“The most important ingredient in making collaborations work is commitment: to producing research that is relevant, and to understanding many angles and perspectives.”
Yvonne Lewis and Richard Sadler make this point in a piece in this issue that describes how universities and community organizations worked in concert to find solutions to water contaminated with lead in Flint, Michigan. Their advice: spend less time and attention meeting metrics of performance, such as papers published and grants procured, and more time nurturing relationships.
Yet that, as Anna Hatch at the San Francisco Declaration on Research Assessment explains, is hard, because many of the structures and mechanisms that evaluate and reward science are still those of the age of the lone scientist.
Recognition — the naming of labs, and the awarding of national-academy fellowships and Nobel prizes — is still given to individuals, often on the basis of individual, rather than collective, performance measures. Few Nobels have explicitly rewarded scientific and technological collaboration. Two notable examples — for climate change and nuclear non-proliferation — have been Nobel peace prizes.
This special issue of Nature shines a spotlight on collaborations in science today, particularly in the wake of the coronavirus pandemic. It reveals that such cooperation, although complex, is thriving in many ways. It is clearly essential, both to the progress of research and for the betterment of society. But, at the same time, international collaboration is under pressure, partly as a result of geopolitical tensions. And science’s historical conventions continue to hinder such team-based working.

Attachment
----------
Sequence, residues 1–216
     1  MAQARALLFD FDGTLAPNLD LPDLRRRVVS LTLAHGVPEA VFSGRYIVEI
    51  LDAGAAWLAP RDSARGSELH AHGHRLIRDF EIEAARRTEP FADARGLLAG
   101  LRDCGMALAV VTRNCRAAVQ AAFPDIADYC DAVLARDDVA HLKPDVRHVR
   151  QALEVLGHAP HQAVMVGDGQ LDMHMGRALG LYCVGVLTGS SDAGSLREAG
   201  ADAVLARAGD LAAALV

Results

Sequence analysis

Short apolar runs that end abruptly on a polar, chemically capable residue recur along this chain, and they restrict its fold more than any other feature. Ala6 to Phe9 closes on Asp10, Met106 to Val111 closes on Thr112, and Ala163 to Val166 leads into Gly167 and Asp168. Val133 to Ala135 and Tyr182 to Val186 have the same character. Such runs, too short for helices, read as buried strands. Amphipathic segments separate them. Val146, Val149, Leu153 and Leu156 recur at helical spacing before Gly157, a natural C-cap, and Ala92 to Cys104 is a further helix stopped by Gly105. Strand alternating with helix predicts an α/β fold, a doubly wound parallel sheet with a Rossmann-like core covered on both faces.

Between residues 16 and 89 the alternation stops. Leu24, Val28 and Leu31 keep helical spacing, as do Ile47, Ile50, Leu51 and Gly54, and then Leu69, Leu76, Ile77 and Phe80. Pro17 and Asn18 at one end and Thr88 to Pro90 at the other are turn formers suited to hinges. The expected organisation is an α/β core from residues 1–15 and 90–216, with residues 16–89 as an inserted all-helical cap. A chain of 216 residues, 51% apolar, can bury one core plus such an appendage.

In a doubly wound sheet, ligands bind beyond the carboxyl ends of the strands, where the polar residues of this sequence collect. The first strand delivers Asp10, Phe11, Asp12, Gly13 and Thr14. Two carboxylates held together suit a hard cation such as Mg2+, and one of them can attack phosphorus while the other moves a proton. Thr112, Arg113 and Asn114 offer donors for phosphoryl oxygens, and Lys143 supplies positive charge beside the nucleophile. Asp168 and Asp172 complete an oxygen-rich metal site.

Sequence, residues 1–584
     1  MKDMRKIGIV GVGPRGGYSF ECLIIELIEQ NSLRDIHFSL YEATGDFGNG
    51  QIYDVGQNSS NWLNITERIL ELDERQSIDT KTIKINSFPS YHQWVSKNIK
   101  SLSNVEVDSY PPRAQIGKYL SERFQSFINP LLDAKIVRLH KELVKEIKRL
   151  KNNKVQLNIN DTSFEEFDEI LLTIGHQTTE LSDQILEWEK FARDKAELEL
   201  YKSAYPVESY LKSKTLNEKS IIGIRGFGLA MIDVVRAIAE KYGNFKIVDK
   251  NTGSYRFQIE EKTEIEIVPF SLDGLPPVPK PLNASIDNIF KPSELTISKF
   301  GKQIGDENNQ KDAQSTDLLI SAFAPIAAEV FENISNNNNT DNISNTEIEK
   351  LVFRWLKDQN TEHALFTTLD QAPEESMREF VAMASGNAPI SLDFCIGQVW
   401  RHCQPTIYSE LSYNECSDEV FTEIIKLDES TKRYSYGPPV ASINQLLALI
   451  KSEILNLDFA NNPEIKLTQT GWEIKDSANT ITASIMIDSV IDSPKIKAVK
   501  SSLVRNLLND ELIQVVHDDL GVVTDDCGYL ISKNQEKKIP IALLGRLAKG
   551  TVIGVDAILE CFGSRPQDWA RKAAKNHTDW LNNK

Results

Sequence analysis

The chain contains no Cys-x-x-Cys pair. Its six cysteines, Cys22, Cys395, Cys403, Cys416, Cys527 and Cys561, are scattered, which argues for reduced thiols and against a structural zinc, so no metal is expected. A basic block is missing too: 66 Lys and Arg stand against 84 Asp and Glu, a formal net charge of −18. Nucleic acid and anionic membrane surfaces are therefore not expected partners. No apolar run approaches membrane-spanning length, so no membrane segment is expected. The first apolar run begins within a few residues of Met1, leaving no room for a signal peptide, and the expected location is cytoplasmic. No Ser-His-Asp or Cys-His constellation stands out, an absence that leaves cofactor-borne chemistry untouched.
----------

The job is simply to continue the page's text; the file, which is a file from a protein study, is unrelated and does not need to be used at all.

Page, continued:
The pandemic has seen a host of inspiring stories of scientists stopping in their tracks and joining forces across borders and disciplines, whether to sequence viral genomes or describe protein structures and other features of SARS-CoV-2. In this issue, members of one of many such groups — those behind the COVID Moonshot project, which involves scientists scattered across continents — tell their story of pulling together to design antiviral drugs. They write of juggling spectrometers, chemistry hoods, computer models, courier companies and Zoom calls, and of an “inexhaustible wellspring of goodwill”.
Analyses of bibliometric data reveal that international collaborations were less common on COVID-19-related papers in 2020 than they were for research on other coronaviruses in previous years. Moreover, as the pandemic has progressed, papers in which the authors are all in the same country have occupied a greater share of the COVID-19 literature. Looking at 2020 as a whole, the rate of international collaboration for COVID-19-related science was similar to that for all recorded research.
Indicators that some international collaboration is waning are evident when looking at data for China and the United States. The fraction of China’s international collaborations that involve US authors has been falling since 2017. Such trends are likely to continue if geopolitical tensions with the United States worsen.